HRCP expects the government to ensure that all three cases get the attention that they deserve. Pervez Khan Mohmand and Abdul Wahab were killed while performing their professional duties as journalists. The government and the two journalists’ employers’ must give proper financial compensation to their families. HRCP also calls upon the government to launch an inquiry into the murder of the Mirpurkhas Press Club president in order to find the perpetrators and bring them to justice. Mithal Mangi was apparently murdered because of his work as a human rights defender. In that case, the government need to ensure implantation of the statements it made on December 10, International Human Rights Day, where the theme this year was human rights defenders. HRCP must emphasise once again the urgent need to recognise and prevent the great personal risks that HRDs are exposed to because of their work against abuse and violation of rights and protect the rights defenders’ role in the country.”
Dr Mehdi Hasan
Lahore, December 13: The Human Rights Commission of Pakistan (HRCP) has expressed shock and dismay at a lack of government response to the wanton use of violence by police against students and teachers in Lahore.
In a statement issued on Monday, the Commission said, “It is regrettable that the government is yet to take note of the poor policing and the wanton use of violence by police against students and teachers protesting in Lahore. The fact that the high court has taken notice of the use of force against the protesters does not prevent the executive from taking action. Regardless of the merit of the protesters’ demands, HRCP condemns as absolutely unwarranted the merciless baton-charge on the students and teachers by the police and reminds the government that overlooking such infractions would send the wrong signal to the police and encourage similar abuse of the people’s rights in future.”
Dr Mehdi Hasan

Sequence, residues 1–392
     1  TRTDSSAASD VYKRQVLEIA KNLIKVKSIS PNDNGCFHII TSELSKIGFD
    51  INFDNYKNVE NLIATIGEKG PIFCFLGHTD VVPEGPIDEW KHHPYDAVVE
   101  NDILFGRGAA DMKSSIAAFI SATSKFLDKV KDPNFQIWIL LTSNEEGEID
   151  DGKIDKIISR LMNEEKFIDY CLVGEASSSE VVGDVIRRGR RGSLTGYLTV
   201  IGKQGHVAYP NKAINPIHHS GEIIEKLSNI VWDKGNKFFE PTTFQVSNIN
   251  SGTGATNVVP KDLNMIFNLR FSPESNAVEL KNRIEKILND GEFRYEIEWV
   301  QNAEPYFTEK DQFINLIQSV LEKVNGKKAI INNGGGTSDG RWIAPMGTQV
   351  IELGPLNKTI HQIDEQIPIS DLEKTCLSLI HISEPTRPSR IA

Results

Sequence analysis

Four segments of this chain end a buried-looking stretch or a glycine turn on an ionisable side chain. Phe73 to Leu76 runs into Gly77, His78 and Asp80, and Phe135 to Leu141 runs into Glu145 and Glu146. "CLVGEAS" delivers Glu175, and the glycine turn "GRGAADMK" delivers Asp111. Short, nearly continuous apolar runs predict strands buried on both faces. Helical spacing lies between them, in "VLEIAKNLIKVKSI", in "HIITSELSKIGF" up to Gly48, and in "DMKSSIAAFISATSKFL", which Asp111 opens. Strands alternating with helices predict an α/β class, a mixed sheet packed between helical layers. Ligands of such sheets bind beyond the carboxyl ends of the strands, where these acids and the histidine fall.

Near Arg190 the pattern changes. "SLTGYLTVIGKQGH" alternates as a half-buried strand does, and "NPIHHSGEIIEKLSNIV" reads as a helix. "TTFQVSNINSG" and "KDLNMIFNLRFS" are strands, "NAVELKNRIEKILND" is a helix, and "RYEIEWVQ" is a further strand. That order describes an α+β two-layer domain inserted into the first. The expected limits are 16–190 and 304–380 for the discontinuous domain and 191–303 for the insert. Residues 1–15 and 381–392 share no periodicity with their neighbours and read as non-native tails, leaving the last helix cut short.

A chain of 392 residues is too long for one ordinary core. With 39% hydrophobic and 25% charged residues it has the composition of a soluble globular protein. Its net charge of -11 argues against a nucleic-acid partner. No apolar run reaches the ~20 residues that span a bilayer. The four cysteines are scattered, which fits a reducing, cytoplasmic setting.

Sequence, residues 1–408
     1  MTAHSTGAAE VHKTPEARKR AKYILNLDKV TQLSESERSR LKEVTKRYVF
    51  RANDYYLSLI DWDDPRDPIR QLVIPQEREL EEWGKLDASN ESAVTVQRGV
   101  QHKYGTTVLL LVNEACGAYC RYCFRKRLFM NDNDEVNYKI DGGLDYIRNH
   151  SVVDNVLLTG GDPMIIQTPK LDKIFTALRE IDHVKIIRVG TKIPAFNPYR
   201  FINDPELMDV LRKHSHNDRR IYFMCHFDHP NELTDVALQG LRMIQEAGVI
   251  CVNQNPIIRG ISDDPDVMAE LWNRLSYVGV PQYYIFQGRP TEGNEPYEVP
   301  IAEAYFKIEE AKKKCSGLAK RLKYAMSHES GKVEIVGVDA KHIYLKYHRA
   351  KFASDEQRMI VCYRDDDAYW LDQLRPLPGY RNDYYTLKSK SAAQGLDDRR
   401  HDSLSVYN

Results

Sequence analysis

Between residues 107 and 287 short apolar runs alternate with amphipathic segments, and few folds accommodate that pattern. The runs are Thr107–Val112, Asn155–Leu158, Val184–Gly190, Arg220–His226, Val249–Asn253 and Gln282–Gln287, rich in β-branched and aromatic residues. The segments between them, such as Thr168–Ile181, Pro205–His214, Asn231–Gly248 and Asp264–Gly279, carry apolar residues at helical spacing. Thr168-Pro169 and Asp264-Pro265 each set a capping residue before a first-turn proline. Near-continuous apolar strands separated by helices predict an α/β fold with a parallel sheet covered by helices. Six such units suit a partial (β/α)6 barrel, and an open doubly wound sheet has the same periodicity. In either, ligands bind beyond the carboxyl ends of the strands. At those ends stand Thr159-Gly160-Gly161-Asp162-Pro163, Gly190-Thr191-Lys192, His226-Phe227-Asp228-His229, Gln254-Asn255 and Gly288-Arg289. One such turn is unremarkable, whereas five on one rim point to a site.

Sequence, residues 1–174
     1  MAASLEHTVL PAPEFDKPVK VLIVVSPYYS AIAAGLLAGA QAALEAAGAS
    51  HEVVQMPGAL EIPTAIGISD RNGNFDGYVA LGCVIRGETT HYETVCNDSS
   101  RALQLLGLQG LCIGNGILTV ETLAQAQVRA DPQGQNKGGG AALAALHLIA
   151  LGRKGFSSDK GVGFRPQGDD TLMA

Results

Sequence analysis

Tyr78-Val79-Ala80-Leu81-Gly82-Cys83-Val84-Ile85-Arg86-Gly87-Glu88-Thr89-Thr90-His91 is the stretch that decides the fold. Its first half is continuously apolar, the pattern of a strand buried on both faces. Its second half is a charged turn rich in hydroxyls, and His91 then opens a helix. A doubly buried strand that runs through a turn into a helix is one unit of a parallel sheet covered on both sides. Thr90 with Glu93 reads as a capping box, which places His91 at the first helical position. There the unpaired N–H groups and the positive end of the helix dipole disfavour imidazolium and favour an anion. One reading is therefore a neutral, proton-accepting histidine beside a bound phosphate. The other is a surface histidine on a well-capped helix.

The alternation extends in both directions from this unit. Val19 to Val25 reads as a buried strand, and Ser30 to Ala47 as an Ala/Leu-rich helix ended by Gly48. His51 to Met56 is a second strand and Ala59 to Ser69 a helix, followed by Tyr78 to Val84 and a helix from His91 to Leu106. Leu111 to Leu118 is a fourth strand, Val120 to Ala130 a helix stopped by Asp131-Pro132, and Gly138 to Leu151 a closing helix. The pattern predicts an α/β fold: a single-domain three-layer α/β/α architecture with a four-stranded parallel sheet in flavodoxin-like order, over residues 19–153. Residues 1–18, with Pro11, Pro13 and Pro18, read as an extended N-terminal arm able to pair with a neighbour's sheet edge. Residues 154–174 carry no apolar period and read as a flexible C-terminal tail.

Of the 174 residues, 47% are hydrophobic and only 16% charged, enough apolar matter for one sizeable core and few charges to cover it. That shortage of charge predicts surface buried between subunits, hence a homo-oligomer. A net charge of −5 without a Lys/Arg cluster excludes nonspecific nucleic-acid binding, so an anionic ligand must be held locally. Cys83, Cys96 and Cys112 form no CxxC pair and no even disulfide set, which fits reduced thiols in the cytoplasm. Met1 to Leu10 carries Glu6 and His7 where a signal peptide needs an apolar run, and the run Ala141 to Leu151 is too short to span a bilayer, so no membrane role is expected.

December 10 is the International Human Rights Day. Other than the Nobel Peace Prize, which was awarded this year to Liu Xiaobo, numerous prizes for human rights activists are awarded on this day all over the world. 58-year-old lawyer Asma Jahangir, recipient of UNESCO/Bilbao Prize for 2010, is the current president of the Supreme Court Bar Association and a founding member of the Human Rights Commission of Pakistan, the country’s leading independent human rights body. ‘It increases one’s responsibilities’ She is a brilliant speaker and a relentless champion of people’s rights. And yet, there are moments when even Asma Jahangir seems tired: when she talks about how much still remains to be done in Pakistan despite some improvements. Asma Jahangir laughs heartily and admits that she too is a normal human being with strengths and weaknesses. She is happy about the international recognition that comes with the UNESCO/Bilbao Prize. “It is indeed a matter of happiness and pride, but at the same time it increases one’s responsibility. People expect more from you. One has to strategize more, keeping in mind one’s integrity. It draws a ‘red line’ for you.” The journey Asma Jahangir was born in a rich family in Lahore. When the Pakistani government suppressed the independence movement in the late sixties in East Pakistan, today’s Bangladesh, Asma’s father protested and was repeatedly jailed or put under house arrest. Asma Jahangir believes this experience has truly formed her. Bildunterschrift: Großansicht des Bildes mit der Bildunterschrift: Asma Jahangir has been campaigning for human rights for several decades “What I have learnt is that you are no longer materialistic after that. The way my father worked altruistically, and the manner in which he used to go behind bars and come back home smilingly was inspirational. He passed away when he was only 61. He had cancer, and we knew he would leave us soon. I remember my sister and I were sitting at his deathbed, and he looked at us and said, ‘I am not going to die, I will live through you’,” reminisces Jahangir. Asma Jahangir followed his words. With her inheritance she founded a women’s forum in 1980 together with her sister, Hina Jilani, a lawyer herself. In her numerous jobs, for example as chairperson of the Human Rights Commission of Pakistan, or as United Nations Special Rapporteur on Freedom of Religion or Belief, she has raised her voice against the discrimination of religious minorities, against “honor” killings, or the treatment of minors in Pakistani jails. It has not been easy for her. “Women face difficulties at all levels. They face hardship in society and at the workplace. Women also have to struggle within their households. Therefore, if any woman asserts herself, people find it difficult to accept. They can also be very cruel towards that woman,” opines Jahangir. She remembers that her own in-laws also found it difficult to accept that their son had married a woman who was not a typical Pakistani wife. But with time, both her family and society have accepted her achievements. Bildunterschrift: Großansicht des Bildes mit der Bildunterschrift: A demonstration for minority rights in Pakistan Dreams for a better Pakistan For Pakistan, Asma Jahangir has many dreams. “Firstly, I want to see economic prosperity in Pakistan. The indignity of poverty makes me despair. Pakistanis are a very dignified people. They have suffered a great deal. They have resisted oppression. And yet, the image of Pakistan projected in the world is mostly negative. The positive side of Pakistan is not shown. I think Pakistan has wasted its human capital.” She has learnt to suppress her anger, even when she is being accused of blasphemy or treason. But Asma Jahangir emphasizes that a life in anger is not worth living. Author: Priya Esselborn (tb) Editor: Shamil Shams